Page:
I was amazed to hear that 47% of the time we are “daydreaming.” At the same time, I was not surprised because I do a lot of daydreaming or having my mind wonder about other things rather than my actual task. The author provided good information about being more deliberate, however this chapter didn’t give us a task to do. Do you have a suggestion on a way we can make our focus more deliberate and making our attention muscle strong?
19- Attention Hijackers
· “Takeaway: Dealing with distractions before they happen, like shutting off alerts on your phone for new messages, helps you avoid attention hijacking, interruptions. It can take as many as twenty-five minutes, to refocus on the task at hand after being interrupted.”
This chapter focuses on eliminating those outside distractions (such as your phone), which in turn will help with that “attention muscle” as well. The author mentioned that it takes the average person around 25 minutes to get back on task when they are interrupted. 25 minutes! That is a lot, especially thinking about how many times a day you get distracted. In addition, having so many distractions and stimulation affects your memory as well. I honestly feel that is true for me. When I’m trying to do too many things at once or getting distracted I forget what I was just doing! It’s crazy how your brain can get overloaded and then affect your memory. It’s not good because if there are important things you need to remember and you don’t write them down, you might be at a loss (sometimes happens to me!). What did you all think about this chapter? Do you agree that all the distractions and stimulation affects your memory as well?
We are officially continuing with Tech Tuesday for 2019-2020! If you haven’t already submitted your post, please do ASAP!
Today, Kathy Mackenzie-Hensley shares:
I am just beginning to explore and find apps to use in speech therapy after receiving an Ipad at the end of May. All the previous “Tech Tuesday” blog posts have been so helpful. Thanks for the time you spent writing (and posting) those!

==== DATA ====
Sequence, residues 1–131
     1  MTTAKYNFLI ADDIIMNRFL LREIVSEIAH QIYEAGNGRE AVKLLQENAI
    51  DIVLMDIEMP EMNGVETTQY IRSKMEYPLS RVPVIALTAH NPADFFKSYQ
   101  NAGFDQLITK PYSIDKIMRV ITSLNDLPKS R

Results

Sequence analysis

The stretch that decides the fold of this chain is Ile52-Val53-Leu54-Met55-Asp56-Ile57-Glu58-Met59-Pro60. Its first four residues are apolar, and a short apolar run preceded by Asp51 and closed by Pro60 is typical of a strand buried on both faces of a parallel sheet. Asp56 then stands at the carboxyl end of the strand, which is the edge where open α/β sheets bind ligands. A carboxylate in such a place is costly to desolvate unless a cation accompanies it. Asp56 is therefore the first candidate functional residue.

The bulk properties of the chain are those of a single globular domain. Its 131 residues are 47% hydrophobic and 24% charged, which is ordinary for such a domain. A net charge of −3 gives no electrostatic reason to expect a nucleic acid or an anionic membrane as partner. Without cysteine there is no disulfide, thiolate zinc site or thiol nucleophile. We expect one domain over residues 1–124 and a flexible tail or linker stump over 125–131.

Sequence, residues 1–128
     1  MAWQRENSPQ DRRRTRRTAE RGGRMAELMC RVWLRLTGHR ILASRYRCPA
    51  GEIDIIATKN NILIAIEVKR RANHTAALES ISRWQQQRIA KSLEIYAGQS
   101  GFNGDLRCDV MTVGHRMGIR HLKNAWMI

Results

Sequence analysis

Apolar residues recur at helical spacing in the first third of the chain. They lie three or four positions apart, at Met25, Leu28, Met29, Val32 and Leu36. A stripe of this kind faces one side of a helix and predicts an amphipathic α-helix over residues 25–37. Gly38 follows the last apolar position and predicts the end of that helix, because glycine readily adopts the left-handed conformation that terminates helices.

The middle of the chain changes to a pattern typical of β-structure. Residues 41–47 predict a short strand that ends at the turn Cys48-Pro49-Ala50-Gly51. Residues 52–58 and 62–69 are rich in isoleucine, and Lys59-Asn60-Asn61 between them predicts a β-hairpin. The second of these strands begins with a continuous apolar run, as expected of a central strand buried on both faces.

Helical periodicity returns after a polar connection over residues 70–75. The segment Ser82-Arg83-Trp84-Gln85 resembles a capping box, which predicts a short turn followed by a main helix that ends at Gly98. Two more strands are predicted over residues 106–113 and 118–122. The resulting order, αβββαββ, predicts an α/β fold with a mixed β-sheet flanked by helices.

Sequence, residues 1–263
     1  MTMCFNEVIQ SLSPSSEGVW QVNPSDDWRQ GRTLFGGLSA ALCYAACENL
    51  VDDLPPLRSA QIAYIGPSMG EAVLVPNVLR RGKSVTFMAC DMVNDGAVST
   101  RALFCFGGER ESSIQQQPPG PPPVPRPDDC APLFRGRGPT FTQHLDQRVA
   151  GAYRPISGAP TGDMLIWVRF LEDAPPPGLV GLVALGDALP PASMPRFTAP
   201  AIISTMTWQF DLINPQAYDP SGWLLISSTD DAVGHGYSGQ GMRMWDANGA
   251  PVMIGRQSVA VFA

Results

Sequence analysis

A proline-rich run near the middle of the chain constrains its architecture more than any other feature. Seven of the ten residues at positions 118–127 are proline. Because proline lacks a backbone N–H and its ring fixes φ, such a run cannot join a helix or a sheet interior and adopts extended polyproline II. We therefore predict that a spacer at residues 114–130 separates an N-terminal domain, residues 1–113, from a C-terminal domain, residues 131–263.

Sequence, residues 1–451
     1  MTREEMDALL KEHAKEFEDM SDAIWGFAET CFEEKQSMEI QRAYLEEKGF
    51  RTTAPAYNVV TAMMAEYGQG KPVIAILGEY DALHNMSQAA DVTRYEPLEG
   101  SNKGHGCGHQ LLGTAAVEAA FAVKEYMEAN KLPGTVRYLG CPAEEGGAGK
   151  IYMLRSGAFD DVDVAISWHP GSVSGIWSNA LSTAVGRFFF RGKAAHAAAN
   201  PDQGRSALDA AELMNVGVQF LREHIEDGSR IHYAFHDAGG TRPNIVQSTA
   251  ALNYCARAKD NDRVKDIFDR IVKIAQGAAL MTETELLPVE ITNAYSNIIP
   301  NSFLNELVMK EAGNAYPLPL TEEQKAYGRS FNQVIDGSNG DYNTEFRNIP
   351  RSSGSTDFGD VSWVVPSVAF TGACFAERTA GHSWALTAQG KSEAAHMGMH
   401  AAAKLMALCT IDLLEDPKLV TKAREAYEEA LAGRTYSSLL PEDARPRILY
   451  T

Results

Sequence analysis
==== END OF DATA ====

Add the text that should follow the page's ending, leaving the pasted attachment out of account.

I found an app called “Question It,” which targets answering wh-questions. It has sorting, sentences, advanced sentences, and paragraph levels. In each of these levels there are multiple levels of cueing (full color cue, partial color cues, no color cue). There is a free version and a full version for less than $10. I am very excited about using this app with all age levels.
I also found an app called “Autism iHelp,” which is basically following directions and would work for anyone who is working on following directions. The free version only gives access to limited amounts, but it is definitely one I may look at buying.
Cindy Simpson shares:
Supporting students with complex communication needs can be overwhelming. Fortunately, there are a lot of resources available within JCPS to help support SLPs as they work diligently to meet the communication needs of these students. Supports include (but are not limited to) the ECE Assistive Technology (AT) Center, the Autism program, Occupational/Physical therapy, the Vision department, and the Hearing department. Collaborating with staff in these programs can help problem solve through issues that may impact implementation of communication strategies such as having access to the appropriate technology, behavior concerns, sensory issues, physical barriers, positioning concerns, visual impairments, hearing impairments, etc.
We all create lists, whether they are in our head or written down. Usually these lists are made up of things to do or items to buy at a store. Less often do we create lists of things in the past. Creating a list of everything you’ve worked on from the previous week allows you to see what you accomplished (which can be even quite motivating), but it also allows you to plan for the week ahead. Its important to rise above daily tasks and look at things from a distanced perspective to realize what you have/have not accomplished and how to adjust your course, which helps us to work more deliberately. Creating this “weekly review” is a great way we can externalize our tasks.